Transit summit of Atlanta’s northern suburbs seen as ‘breakthrough moment’

By Maria Saporta

Forty years ago, voters in Cobb, Gwinnett and Clayton counties said “no” to MARTA — and that led to the rail transit system being built in only two counties — Fulton and DeKalb.

Fast forward to 2011. On Wednesday morning, leaders in Cobb, Gwinnett and Fulton held a summit to encourage the development of a regional transit system — especially in the north metro area.

The Metro Atlanta Northern Crescent Transit Summit is the outgrowth of a growing partnership between the Cobb County Chamber of Commerce, the North Fulton Chamber of Commerce and the Gwinnett Chamber of Commerce as well as government leaders in those jurisdictions.

“This is about jobs, jobs, jobs,” said Brandon Beach, president of the North Fulton Chamber who also serves on the board of the Georgia Department of Transportation. “It’s time for us to have transit in the suburbs. It’s not just inside the loop anymore. We can not just have a two-county transit system.”

Leaders in Cobb, Fulton and Gwinnett then unveiled part of their transit vision — which they are calling the “W.”

A transit line would run along the Northwest corridor from the Kennesaw area down to the Arts Center MARTA station. Another leg would go along the I-285 corridor. A third leg would extend the existing MARTA rail line up the 400 corridor. And the fourth leg would extend rail transit up the northeast corridor into Gwinnett County.

Possible Atlanta transit corridors would form a 'W'

The “W” would be developed in phases, but it would be part of an overall regional vision for transit — serving areas that have become much more urban in the four decades when the chose not to be part of the MARTA system.

Now voters will have a second chance. In 2012, they will have an opportunity to vote for a regional one penny transportation sales tax in the 10-county metro area.

But the significance of these northern jurisdictions having a half-day summit on transit was noted by several people in attendance.

Tad Leithead, chairman of the Atlanta Regional Commission, called the summit “unprecedented” and “ground-breaking.”

Leithead noted that having leaders in Cobb, North Fulton and Gwinnett “talking about transit wouldn’t have happened” until recently.

In an interview, MARTA General Manager Beverly Scott couldn’t hide her excitement.

“This is a breakthrough moment,” Scott said. “It’s absolutely wonderful. We are seeing how we can connect the region. We are thinking outside our geographic boundaries.”

Later, Scott addressed the entire summit audience.

“This is one of the most exciting meetings I’ve been to in the past three-and-a-half years,” Scott said, but added that it will be particularly import to “get rid of the restriction of the MARTA Act.”

She also referred to the fact that the bill as written will not allow any of the new revenues pay for MARTA’s operating costs — a restriction that does not apply to any of the 119 transit agencies in the state.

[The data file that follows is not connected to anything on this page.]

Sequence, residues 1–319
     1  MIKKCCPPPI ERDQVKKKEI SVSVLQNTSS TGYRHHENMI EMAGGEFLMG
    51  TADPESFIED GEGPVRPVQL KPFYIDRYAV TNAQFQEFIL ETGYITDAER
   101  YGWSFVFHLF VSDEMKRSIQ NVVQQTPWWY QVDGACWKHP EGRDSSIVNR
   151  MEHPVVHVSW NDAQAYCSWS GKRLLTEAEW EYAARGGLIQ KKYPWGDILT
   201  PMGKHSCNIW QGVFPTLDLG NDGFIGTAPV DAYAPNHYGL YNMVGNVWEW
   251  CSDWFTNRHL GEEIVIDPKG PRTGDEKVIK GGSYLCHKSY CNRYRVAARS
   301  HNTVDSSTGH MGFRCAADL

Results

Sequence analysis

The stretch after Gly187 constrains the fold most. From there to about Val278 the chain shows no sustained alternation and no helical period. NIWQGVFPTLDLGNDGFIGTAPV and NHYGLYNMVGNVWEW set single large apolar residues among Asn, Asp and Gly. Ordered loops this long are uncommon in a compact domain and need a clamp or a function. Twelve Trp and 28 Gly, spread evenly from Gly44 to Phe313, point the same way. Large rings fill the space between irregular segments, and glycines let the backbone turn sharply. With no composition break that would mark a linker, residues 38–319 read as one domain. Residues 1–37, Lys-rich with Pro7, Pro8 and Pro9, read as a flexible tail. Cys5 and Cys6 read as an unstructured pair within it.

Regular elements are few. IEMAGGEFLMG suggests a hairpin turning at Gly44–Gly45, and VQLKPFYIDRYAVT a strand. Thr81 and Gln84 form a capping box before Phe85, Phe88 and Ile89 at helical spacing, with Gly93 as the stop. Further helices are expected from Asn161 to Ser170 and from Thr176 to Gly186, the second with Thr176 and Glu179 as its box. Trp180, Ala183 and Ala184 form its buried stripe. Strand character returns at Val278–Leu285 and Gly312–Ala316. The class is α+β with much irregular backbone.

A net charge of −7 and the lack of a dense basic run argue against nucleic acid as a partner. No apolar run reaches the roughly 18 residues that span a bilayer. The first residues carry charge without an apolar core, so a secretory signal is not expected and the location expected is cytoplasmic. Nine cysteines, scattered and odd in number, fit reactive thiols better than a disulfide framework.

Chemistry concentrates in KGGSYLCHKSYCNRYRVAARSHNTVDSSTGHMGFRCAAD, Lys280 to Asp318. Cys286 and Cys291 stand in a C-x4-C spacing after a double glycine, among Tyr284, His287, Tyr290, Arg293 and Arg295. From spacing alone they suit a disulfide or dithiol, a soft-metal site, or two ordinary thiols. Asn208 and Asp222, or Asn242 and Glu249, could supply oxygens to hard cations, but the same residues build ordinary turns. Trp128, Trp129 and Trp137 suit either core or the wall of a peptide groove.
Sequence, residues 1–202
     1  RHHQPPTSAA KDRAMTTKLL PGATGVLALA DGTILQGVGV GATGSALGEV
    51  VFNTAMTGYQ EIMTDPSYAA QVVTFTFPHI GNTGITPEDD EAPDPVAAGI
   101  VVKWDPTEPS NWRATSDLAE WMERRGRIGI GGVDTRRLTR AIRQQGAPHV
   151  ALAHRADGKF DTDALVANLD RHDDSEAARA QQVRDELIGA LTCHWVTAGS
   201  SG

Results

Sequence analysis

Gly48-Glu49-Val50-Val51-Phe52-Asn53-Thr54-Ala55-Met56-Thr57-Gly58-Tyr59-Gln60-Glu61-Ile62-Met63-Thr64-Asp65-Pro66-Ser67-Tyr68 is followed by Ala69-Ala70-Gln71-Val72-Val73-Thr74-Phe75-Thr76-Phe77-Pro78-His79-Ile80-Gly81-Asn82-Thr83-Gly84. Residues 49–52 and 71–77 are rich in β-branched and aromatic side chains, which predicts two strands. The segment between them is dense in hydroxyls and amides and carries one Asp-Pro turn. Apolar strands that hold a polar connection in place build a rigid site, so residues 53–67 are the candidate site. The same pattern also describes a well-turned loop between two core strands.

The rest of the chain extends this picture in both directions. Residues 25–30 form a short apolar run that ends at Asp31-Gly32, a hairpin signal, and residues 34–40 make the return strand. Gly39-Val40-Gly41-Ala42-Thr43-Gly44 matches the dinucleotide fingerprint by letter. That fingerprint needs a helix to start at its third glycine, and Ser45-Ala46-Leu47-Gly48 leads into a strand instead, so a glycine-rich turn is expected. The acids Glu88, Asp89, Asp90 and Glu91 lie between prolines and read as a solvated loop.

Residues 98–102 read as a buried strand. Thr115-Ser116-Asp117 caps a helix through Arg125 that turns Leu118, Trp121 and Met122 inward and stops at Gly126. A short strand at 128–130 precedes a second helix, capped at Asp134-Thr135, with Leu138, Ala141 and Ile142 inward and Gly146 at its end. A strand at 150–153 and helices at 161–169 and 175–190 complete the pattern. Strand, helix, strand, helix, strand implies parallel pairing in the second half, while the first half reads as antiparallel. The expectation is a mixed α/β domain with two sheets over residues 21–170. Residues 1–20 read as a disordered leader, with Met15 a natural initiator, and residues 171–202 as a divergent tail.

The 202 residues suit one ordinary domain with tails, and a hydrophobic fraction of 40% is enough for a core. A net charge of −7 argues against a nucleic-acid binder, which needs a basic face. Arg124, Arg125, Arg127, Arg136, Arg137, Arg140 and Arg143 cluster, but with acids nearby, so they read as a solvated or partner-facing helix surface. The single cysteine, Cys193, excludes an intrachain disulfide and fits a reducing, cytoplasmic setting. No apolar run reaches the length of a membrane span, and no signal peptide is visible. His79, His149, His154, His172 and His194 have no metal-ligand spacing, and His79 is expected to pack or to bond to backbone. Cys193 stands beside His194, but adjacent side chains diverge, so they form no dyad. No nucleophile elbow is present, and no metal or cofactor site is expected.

“We can’t have differential treatment on the biggest transit system in our region,” Scott said. “We’ve got to get rid of the old stuff and move forward together.”

Mike Bodker, mayor of Johns Creek in Fulton County, said the region needs to sell transit as improving the quality of life for everyone — those who would ride transit and those who would want others to ride transit so there would be less traffic.

Bodker also mentioned the potential economic development impact of having transit.

“We have to get real in our conversation with transit. For transit to be successful, you have to have land use policies to go with it.” Bodker said, adding that those land use policies would have to permit greater density along transit corridors.

Bodker also said that most of the mayors in Fulton and DeKalb counties are seeking assurances that the new tax revenue would be fair to MARTA’s jurisdictions.

Some mayors, who have been paying the MARTA tax, don’t feel they’re adequately served by the system. Then there are others who feel that MARTA is the back-bone for the region’s transit services but that those living outside of Fulton and DeKalb aren’t paying their share.

“We need regional transit,” Bodker said, who also added that “it must be funded by every one who wants transit.”

Maria Saporta, Editor, is a longtime Atlanta business, civic and urban affairs journalist with a deep knowledge of our city, our region and state.  Since 2008, she has written a weekly column and news stories for the Atlanta Business Chronicle. Prior to that, she spent 27 years with The Atlanta Journal-Constitution, becoming its business columnist in 1991. Maria received her Master’s degree in urban studies from Georgia State and her Bachelor’s degree in journalism from Boston University. Maria was born in Atlanta to European parents and has two young adult children.

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